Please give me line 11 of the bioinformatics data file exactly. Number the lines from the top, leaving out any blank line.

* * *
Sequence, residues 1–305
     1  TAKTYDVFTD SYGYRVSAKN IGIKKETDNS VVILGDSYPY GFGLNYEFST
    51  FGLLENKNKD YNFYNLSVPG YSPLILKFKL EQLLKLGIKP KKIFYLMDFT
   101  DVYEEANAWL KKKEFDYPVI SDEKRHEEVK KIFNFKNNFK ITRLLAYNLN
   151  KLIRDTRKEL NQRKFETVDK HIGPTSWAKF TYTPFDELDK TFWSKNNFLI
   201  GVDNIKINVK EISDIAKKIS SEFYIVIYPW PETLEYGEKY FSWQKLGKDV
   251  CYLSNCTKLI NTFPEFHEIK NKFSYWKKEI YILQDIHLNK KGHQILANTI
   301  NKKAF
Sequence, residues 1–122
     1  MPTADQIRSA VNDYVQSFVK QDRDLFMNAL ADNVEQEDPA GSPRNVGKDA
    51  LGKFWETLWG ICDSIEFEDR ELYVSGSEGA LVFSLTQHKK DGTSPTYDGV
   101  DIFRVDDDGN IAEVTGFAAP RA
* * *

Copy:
    51  LGKFWETLWG ICDSIEFEDR ELYVSGSEGA LVFSLTQHKK DGTSPTYDGV